Divers continue to pull bodies from the sunken South Korean ferryboat, as authorities widened their inquiry and released transcripts capturing the confusion as the ship capsized five days ago.
The recovery operation, involving hundreds of divers, ships and aircraft, brought the total death toll to 58 Sunday, with 246 still unaccounted for. Most of the victims are high school students.
Marine traffic control transcripts, released Sunday, showed that the crew was hesitant to order passengers to abandon ship.
The captain, Lee Jun-seok, has said he did not order an immediate evacuation because he feared the passengers would be in danger from the strong currents and the cold water, which is about 10 degrees Celsius. Lee was one of the first to leave the ferry.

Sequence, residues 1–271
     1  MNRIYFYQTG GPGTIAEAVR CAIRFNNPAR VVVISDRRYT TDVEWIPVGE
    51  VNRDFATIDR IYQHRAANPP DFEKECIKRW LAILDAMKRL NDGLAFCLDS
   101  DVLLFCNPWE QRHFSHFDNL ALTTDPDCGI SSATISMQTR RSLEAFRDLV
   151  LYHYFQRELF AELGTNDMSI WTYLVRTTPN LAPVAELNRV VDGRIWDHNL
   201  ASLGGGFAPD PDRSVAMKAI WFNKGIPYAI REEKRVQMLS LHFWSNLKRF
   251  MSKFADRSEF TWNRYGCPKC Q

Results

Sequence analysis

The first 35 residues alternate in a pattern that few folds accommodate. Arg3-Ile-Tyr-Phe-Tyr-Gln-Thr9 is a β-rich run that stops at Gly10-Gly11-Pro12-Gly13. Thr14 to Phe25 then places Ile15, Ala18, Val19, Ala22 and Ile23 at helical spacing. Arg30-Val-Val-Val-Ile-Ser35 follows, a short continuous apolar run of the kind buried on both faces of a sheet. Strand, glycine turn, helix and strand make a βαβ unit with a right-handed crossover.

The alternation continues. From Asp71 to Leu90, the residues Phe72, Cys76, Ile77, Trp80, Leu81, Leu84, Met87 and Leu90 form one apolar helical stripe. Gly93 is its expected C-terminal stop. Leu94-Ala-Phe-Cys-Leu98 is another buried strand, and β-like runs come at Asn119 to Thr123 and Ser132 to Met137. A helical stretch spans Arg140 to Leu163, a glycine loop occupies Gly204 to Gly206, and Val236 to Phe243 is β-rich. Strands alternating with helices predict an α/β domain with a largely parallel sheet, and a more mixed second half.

According to the transcript, Jindo Vessel Traffic Services instructed the crew to get passengers off the boat as other boats rushed to save them after the ferry carrying 476 people began to capsize.
But crew members told traffic controllers that their attempts to order an evacuation were stymied by a faulty announcement system.
Tracking data shows the ship took a sharp turn while navigating a group of small islands off South Korea's southwestern coast.
There are 174 known survivors, with no one rescued since Wednesday.
South Korean prosecutors say the ferry was being steered by a 26-year-old third mate who was navigating the area for the first time.
Authorities have confirmed that the ship's captain was in his quarters, leaving the inexperienced third mate at the helm.
The captain, the third mate and one other crew member were arrested Saturday on charges of deserting their passengers as the ferry was sinking.
Authorities have not established the cause of the disaster, but some survivors report hearing a loud impact noise before the vessel tilted and began sinking.
On Friday, Yonhap quoted investigators as saying the ferry's sudden turn may have caused 180 vehicles and nearly 1,200 tons of freight to shift, causing the vessel to tilt to one side.